December 27, 2012 | by Lou Chibbaro Jr.
Year in review: Gray names trans women to Human Rights Commission
Vincent Gray, Jeffrey Richardson, Alexandra Beninda, Earline Budd, Human Rights Commission, gay news, Washington Blade

Mayor Vincent Gray administered the oath of office to Alexandra Beninda (second from right) and Earline Budd as members of the D.C. Commission on Human Rights at a ceremony in the Wilson Building. (Washington Blade photo by Michael Key)

In what LGBT activists considered an historic development, Mayor Vincent Gray on July 11 administered the oath of office to transgender advocates Earline Budd and Alexandra Beninda as members of the D.C. Commission on Human Rights.

Gray nominated the two for the post and the D.C. City Council confirmed the nominations earlier in the year.

The appointments represent the first time a transgender person has been named to the city’s Commission on Human Rights, which acts as an adjudicatory body that enforces the city’s Human Rights Act. The act, among other things, bans discrimination in employment, housing, education and public accommodations based on sexual orientation, gender identity and expression, race, religion and ethnicity.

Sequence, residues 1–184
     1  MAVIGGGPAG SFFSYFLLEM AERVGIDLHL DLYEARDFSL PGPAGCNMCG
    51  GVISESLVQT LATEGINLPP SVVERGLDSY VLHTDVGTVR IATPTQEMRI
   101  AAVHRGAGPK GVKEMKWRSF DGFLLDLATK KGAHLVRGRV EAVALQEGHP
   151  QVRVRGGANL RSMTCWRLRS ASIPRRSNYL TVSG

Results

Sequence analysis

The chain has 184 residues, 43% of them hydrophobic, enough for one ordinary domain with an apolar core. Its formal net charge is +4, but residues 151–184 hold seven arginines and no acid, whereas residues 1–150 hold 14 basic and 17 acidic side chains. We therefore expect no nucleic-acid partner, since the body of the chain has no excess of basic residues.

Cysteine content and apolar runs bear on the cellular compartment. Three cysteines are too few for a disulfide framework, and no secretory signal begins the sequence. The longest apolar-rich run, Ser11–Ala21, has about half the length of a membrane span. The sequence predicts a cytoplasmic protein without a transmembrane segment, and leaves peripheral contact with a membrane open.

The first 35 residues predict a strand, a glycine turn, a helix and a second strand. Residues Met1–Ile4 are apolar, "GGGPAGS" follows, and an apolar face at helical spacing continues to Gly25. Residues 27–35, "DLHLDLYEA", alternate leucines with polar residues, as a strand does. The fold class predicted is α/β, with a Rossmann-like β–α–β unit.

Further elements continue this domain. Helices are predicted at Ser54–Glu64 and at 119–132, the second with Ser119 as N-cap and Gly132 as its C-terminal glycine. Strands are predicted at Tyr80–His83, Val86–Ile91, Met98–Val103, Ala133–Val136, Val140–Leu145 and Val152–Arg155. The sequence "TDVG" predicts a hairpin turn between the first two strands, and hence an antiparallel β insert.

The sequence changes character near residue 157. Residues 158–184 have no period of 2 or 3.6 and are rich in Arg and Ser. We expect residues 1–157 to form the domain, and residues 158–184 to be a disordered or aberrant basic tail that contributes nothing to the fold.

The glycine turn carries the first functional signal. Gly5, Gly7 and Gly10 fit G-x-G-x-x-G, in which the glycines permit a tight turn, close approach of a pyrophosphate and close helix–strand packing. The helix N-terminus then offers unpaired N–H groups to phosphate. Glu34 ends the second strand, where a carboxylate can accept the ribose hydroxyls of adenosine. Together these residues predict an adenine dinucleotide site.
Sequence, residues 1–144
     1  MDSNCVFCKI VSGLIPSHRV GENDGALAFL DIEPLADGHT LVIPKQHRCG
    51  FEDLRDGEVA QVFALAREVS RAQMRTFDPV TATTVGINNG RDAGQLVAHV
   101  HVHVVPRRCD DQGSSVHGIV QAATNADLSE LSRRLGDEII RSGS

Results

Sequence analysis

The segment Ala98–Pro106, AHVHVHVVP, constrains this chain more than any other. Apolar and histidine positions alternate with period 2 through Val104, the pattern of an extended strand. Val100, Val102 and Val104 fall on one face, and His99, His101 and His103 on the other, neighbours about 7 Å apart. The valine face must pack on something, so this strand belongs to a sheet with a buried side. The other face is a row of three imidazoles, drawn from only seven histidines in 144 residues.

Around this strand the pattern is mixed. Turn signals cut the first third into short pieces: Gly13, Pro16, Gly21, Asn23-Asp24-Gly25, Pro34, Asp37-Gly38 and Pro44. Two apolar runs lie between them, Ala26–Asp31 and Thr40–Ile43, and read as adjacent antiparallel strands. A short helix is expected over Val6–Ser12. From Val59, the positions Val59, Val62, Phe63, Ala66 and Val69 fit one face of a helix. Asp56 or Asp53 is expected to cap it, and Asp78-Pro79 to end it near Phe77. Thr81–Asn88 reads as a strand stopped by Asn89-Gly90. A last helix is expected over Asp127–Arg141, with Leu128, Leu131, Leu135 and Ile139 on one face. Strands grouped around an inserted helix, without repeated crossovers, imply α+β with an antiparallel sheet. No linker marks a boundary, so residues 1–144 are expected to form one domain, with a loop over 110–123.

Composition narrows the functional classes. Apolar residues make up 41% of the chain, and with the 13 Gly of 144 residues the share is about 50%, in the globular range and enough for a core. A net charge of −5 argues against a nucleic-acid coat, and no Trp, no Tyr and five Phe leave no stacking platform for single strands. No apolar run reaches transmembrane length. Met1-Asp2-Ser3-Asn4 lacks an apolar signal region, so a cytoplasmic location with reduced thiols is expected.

“I’m very pleased and I’m looking forward to the challenge and I’m always honored to be a representative of my community,” Budd said after the swearing in ceremony. “I’m going to do the best I can in this position and make sure that discrimination ends.”

Beninda said she was looking forward to joining Budd on the commission

“I’m definitely very excited about getting started,” she said. “I look forward, myself and Earline, to be able to represent our LGBT community overall and especially our transgender community in terms of making sure our voices are heard.”

Lou Chibbaro Jr. has reported on the LGBT civil rights movement and the LGBT community for more than 30 years, beginning as a freelance writer and later as a staff reporter and currently as Senior News Reporter for the Washington Blade. He has chronicled LGBT-related developments as they have touched on a wide range of social, religious, and governmental institutions, including the White House, Congress, the U.S. Supreme Court, the military, local and national law enforcement agencies and the Catholic Church. Chibbaro has reported on LGBT issues and LGBT participation in local and national elections since 1976. He has covered the AIDS epidemic since it first surfaced in the early 1980s. Follow Lou

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